What has 27 divisional titles plus 20 conference titles plus 17 league championships plus 31 hall-of-famers? Two words: Boston Celtics. With more banners in the rafters than any other franchise in NBA history, they're more an institution than a basketball team.
They're also a business enterprise. Ever thought about the team behind the team? Turns out they're a pretty large enterprise, with enterprise-class revenues and IT expectations, although they don't have an enterprise-size IT department. In fact, the Celtics operate with a relatively small front office that communicates primarily via e-mail.
Jay Wessel is vice president of technology for the Boston Celtics. Since 2003 he and his team have deployed a classic set of point solutions designed to solve individual problems within their e-mail infrastructure. They started at the firewall, placing initial spam and virus checks in the DMZ. E-mail was then routed into a LAN-based spam and virus appliance before being delivered to an internal filtering server. After about a dozen different checks and processes, e-mail was finally delivered to the Microsoft Exchange server.
Eventually this complexity took its toll on the vital system. "As our overall traffic increased and our infrastructure got more complex, we began to experience problems," recalls Wessel. "Sometimes our main mail filter and quarantine server would hang, and we'd need to restart the service."
Now this wouldn't be so bad for me at home, but when the Celtics front office goes down, sometimes for up to two hours, things can get pretty ugly. “Most communication takes place via e-mail,” says Wessel. “It’s even central to our ticketing system; the vast majority of our ticket sales are online, and confirmations take place via e-mail. So if e-mail goes down, it’s more than an inconvenience -- it can seriously impact our revenue.”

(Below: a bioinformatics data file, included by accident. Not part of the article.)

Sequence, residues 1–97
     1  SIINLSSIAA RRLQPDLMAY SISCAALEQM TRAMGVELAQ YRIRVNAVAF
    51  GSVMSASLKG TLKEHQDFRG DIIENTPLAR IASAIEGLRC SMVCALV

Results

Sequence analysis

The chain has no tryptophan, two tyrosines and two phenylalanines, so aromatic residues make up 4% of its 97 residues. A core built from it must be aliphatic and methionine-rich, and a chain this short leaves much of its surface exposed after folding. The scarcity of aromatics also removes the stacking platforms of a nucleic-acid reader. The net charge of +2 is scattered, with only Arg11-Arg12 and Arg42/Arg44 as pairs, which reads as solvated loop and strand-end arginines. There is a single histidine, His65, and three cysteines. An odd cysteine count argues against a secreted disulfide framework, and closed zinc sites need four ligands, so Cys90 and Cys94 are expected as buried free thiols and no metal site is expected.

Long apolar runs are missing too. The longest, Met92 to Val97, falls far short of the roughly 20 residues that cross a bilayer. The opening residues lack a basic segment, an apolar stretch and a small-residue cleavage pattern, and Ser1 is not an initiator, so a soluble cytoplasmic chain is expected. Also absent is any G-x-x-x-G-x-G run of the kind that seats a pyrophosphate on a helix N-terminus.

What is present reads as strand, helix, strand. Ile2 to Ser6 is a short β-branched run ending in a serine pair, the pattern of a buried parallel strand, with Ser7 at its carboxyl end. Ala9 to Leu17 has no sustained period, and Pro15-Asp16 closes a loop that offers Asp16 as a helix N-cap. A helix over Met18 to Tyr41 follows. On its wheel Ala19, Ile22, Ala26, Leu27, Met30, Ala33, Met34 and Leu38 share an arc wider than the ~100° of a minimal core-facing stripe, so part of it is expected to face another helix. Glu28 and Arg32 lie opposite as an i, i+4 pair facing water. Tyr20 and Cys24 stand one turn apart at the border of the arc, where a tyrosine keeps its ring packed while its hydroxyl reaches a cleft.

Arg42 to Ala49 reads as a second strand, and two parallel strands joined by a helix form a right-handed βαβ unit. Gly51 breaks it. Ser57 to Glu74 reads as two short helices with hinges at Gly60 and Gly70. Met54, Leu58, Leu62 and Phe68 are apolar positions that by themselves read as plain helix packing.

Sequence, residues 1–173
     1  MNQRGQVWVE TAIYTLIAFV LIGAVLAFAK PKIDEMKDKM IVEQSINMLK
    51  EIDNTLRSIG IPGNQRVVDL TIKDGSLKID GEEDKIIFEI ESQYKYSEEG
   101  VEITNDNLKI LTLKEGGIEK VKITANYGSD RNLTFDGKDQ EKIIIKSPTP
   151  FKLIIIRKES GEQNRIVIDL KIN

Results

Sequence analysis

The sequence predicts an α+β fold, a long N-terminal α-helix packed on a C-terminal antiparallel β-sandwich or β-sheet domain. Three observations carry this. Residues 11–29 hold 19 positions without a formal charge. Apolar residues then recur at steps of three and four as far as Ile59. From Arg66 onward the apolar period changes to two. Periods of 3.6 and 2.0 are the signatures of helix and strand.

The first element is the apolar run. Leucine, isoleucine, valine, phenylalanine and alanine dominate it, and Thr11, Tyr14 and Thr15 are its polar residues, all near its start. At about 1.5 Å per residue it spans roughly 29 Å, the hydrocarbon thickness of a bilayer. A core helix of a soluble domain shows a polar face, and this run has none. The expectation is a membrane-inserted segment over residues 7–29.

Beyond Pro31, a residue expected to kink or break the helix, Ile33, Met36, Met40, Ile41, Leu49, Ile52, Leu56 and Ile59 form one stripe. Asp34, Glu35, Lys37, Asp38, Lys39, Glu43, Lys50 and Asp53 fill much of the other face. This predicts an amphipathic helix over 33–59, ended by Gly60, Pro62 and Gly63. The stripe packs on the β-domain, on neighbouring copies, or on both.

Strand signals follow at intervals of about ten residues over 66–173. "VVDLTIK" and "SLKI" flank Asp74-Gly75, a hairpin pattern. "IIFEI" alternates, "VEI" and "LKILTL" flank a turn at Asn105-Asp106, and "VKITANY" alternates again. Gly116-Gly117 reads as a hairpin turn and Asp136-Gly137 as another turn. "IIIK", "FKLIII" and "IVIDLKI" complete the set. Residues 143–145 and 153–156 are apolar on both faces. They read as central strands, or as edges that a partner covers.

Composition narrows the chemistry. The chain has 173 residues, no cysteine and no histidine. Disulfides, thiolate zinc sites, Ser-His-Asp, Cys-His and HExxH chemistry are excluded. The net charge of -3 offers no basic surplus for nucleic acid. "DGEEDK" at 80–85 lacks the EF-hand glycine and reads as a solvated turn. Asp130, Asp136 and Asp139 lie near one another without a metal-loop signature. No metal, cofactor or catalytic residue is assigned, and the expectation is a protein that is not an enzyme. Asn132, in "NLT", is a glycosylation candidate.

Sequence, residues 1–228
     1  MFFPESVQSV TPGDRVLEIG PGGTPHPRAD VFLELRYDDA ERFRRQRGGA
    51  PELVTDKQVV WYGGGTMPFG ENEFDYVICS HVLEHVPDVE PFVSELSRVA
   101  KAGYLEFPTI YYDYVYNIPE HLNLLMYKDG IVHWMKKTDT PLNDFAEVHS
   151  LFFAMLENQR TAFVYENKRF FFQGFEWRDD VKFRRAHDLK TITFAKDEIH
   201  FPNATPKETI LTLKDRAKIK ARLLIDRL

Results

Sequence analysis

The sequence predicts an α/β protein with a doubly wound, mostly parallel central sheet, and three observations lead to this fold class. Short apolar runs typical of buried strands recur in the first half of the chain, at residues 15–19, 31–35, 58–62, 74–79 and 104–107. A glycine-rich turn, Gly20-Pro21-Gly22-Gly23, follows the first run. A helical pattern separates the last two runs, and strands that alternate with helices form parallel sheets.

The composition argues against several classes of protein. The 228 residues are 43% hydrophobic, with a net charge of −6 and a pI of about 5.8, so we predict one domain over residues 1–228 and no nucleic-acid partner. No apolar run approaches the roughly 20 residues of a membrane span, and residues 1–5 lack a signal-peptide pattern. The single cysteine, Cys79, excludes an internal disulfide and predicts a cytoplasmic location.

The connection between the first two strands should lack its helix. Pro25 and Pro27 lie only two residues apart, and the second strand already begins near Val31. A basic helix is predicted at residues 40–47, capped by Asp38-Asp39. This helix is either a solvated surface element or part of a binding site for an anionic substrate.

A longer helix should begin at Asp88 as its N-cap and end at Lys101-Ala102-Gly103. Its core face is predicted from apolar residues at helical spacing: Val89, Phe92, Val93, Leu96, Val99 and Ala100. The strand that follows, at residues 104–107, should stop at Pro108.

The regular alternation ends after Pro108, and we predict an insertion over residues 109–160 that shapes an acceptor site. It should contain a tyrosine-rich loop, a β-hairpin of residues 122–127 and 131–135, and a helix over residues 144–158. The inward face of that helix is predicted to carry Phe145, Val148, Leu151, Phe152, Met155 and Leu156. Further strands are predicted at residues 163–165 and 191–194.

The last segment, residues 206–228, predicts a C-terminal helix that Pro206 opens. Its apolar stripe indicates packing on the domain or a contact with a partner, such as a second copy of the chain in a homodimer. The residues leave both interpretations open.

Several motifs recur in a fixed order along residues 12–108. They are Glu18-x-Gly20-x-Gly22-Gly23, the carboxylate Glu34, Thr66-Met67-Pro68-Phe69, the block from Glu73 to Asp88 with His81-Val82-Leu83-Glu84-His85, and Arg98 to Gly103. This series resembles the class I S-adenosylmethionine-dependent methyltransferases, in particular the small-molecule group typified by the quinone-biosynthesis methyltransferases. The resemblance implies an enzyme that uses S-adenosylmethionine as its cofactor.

At one point Wessel's team was proactively restarting services to prevent outages. As Wessel puts it, “IT administrators really shouldn’t have to touch that stuff these days.”
Weary of manual intervention in an aging infrastructure, the organization looked to the cloud. What they found was Mimecast, a 24/7/365 unified e-mail management solution that hit the Celtics' sweet spot. Since deploying Mimecast, Wessel’s infrastructure has shrunk to a firewall and the Microsoft Exchange server. Every single peripheral service was exchanged for the same or better functionality in the cloud. Want to know the best part?
In addition to a five-fold reduction in administration time, Wessel estimates the cost of cloud hosting is 25 percent less than the annual maintenance he was paying, not including his hardware savings. “In today’s world, it’s really not acceptable for an IT pro to say, ‘E-mail is down’ or ‘The server is down.’” Wessel concludes. Not only will he not have to say those choice phrases, but he and his team gained archiving, discovery, and disaster recovery capabilities they didn't have before.
Can you imagine the uproar in Beantown if tickets weren't confirmed because the team's e-mail system went down? Riots in the streets. “We backed up to tape before,” recalls Wessel. “It was not an ideal solution -- it was very difficult to retrieve data. With Mimecast, I can do it in a matter of minutes.”
All this, and it's green to boot. Using Mimecast supports the organization's green IT initiative. The reduction in hardware power and cooling requirements help reduce the team's carbon footprint.